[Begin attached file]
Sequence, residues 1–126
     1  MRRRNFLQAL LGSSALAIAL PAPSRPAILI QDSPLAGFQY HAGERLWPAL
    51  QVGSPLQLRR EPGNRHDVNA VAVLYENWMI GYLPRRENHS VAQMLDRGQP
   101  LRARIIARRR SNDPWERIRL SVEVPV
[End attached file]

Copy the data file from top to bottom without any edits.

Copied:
Sequence, residues 1–126
     1  MRRRNFLQAL LGSSALAIAL PAPSRPAILI QDSPLAGFQY HAGERLWPAL
    51  QVGSPLQLRR EPGNRHDVNA VAVLYENWMI GYLPRRENHS VAQMLDRGQP
   101  LRARIIARRR SNDPWERIRL SVEVPV